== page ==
We are passing through a global crisis of COVID-19, which has had a phenomenal impact on both humanity and the economy. Most of the governments are in a dilemma of “Lives Vs Livelihood”. Efforts are on at a war-footing level to develop a vaccine for COVID-19, but any launch of the vaccine will take a minimum of three to four more months. Till then, we will have to live with certain restrictions and follow strict measures of social distancing. These restrictions will, however, not bring the economy back on the normal track.
A mixed growth outlook with 12% YOY degrowth of the logistics sector
Economic activities have a direct correlation with logistics; any negative trend in the economy will result more negatively on the logistics sector. In FY 2020, growth of the logistics sector has witnessed tapered growth compared to the previous few years. The crisis of the pandemic is going to make the situation more critical in FY 2021. With respect to immediate term impact on logistics, it will be very severe and may force closure of small logistics companies, while in the long term this crisis may turn in opportunity for the Indian logistics sector. As per our estimates, the logistics sector is estimated to shrink by 12-13% in this financial year.
Immediate term Impact
First month of the current financial year has already passed without much economic activities. The complete supply chain of non-essential consumer goods (lifestyle, apparel, footwear, automobile, electronics etc.) is on pause. Out of the total domestic transportation, 30% is contributed by rail movement, which carries a large chunk of core industrial products like steel, coal, cement or commodities. But the movement of these products is also down due to lower commercial activities. Cement and steel consumption has been severely hit due to a blanket ban on construction activities and non-availability of labour workforce. Even coal and petroleum have witnessed a significant volume drop in April.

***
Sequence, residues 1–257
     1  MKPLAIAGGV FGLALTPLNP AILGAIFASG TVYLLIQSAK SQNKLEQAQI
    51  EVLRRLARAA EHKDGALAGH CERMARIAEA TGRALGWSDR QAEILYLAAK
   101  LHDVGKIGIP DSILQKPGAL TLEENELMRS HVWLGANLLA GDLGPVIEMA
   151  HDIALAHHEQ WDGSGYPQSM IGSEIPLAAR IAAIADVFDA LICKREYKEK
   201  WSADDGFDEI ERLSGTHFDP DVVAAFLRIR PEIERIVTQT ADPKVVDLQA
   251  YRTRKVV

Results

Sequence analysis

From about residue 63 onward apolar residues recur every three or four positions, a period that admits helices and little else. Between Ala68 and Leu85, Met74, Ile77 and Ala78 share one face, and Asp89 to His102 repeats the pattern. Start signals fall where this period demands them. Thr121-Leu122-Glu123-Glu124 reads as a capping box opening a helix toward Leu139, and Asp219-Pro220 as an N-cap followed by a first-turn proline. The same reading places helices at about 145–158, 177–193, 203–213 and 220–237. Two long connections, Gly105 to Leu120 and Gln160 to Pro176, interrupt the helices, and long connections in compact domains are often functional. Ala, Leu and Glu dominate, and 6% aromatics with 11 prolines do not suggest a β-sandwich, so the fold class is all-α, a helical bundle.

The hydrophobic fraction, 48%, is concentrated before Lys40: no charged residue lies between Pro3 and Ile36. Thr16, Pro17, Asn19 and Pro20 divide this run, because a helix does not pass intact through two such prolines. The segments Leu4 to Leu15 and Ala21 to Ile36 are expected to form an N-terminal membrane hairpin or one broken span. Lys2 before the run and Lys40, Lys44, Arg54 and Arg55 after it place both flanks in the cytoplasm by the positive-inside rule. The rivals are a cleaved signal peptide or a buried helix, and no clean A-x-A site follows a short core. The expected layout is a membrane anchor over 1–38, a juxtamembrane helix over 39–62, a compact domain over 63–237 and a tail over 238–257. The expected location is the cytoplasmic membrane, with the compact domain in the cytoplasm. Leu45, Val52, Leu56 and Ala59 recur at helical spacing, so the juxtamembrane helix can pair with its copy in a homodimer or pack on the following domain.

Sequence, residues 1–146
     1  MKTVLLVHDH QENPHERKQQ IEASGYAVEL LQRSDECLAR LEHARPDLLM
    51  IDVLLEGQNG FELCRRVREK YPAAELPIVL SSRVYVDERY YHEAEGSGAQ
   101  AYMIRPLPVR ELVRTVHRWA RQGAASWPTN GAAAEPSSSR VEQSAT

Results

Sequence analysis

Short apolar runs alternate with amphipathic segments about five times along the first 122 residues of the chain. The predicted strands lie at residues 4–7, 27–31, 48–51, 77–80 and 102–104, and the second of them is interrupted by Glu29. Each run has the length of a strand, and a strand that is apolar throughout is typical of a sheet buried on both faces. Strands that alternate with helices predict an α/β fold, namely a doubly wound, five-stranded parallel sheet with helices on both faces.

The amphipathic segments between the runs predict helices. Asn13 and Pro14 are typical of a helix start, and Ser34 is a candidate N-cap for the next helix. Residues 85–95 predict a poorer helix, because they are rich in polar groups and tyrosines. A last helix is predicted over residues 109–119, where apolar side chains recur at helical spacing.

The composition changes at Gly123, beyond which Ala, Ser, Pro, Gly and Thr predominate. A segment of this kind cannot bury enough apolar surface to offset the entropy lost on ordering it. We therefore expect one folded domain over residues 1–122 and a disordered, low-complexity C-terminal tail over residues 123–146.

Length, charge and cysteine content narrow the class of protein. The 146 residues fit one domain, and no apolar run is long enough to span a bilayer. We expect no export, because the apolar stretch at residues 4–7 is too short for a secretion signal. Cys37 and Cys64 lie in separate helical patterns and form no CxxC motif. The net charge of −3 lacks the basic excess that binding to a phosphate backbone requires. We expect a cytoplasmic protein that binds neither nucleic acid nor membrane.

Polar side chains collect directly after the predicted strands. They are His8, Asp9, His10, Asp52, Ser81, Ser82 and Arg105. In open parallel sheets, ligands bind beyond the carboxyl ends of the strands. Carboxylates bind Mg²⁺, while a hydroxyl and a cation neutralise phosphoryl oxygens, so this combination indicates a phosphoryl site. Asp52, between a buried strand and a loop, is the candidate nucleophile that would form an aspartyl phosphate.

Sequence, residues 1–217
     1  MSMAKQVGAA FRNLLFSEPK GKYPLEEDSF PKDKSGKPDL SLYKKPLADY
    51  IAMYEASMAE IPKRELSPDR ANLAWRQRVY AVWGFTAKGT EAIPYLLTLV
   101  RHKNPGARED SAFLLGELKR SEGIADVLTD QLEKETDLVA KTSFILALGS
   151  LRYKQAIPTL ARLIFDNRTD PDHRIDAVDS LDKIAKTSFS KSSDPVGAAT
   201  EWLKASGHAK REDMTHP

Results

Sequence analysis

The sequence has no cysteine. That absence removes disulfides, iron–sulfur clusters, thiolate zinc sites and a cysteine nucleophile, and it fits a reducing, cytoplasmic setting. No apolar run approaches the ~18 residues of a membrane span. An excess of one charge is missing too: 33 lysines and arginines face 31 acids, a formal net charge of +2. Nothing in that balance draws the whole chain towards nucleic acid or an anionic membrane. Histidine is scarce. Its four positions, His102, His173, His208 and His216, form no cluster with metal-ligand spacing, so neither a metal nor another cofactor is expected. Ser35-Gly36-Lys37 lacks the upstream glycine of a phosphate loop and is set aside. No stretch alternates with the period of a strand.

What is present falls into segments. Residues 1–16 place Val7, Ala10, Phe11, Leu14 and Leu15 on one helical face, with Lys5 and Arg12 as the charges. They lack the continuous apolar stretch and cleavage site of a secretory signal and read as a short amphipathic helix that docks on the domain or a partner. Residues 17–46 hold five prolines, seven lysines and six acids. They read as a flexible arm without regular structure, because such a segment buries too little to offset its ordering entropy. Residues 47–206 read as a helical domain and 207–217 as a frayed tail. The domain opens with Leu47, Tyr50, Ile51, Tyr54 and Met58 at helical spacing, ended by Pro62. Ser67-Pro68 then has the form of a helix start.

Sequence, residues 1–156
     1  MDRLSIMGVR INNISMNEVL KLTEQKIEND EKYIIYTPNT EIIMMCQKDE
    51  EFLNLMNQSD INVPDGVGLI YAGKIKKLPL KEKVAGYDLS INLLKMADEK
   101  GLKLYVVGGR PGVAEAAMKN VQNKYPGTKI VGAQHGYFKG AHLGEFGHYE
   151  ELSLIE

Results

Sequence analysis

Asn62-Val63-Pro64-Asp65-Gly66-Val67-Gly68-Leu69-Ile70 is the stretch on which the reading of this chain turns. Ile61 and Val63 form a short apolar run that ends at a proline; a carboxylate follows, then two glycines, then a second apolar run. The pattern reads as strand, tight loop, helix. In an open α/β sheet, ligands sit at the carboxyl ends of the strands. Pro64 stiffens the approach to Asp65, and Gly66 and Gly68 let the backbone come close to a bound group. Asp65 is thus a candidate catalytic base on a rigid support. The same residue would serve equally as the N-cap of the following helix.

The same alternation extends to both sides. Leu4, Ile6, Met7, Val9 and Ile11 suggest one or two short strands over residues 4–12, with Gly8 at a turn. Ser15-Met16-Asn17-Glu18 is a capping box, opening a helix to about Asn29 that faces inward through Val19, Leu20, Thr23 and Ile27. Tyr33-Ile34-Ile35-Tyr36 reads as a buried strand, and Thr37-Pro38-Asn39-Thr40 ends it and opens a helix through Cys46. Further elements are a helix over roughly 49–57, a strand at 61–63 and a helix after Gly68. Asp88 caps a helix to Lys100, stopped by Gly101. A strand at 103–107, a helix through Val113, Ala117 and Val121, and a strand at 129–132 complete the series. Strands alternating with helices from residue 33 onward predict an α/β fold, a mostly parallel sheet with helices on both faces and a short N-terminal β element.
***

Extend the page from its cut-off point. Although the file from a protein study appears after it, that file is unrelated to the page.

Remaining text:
In spite of certain relaxation from 20th April, there is no quantum jump in cargo movement. In the second month of FY 21, the scenario is not expected to change much all a sudden, although the Government plans on restarting economic activities by giving some relaxation.
The coronavirus spread has not peaked so far in India. However, the number of cases is still increasing day by day. Unless the COVID-19 cases start coming down, we don’t expect any significant improvement in logistics activities. In spite of lockdown relaxation, economic and logistics activities are expected to be limited in the first quarter.
Short term Impact
Even in the second quarter of the current financial year, economic activities will not be in full swing. Major drivers for suppressed activities will be the availability of finance and labours. SME sector will be most impacted from such factors. On the other hand, consumer spending will also not grow all of a sudden in the post-pandemic period. Even on the international trade front, the trends are expected to be similar, as most of the global economic activities will be in the recovery phase. If at all, consumer demand may see a recovery during the festive season in Q3. In the current financial year, capital expenditure and government spending on infrastructure projects will not be the same as in previous years and will lead to reduced logistics spend.
Long term Impact
Long term view on logistics is, however, quite optimistic. Current pandemic will lead to a shift in global manufacturing locations. China may be the biggest loser in the race and the most likely gainer could be India, Indonesia, Malaysia, Philippines and Vietnam. India developing as one of the major manufacturing destinations will be a terrific boost for the logistics sector. Also in the long run, other drivers of logistics linked to domestic consumption will be back to the normal pace of growth.
On the human logistics front, this crisis is going to impact negatively in long run as well. Business travels contributes a significant share in people logistics. Concepts like digital connect, work from home and virtual conferences are gaining popularity and have become the new norms of business. This change in behavior will be irreversible, as the new practice saves time and money both.
This article has been authored by Vikash Khatri, Founder, Aviral Consulting. He can be contacted at [email protected]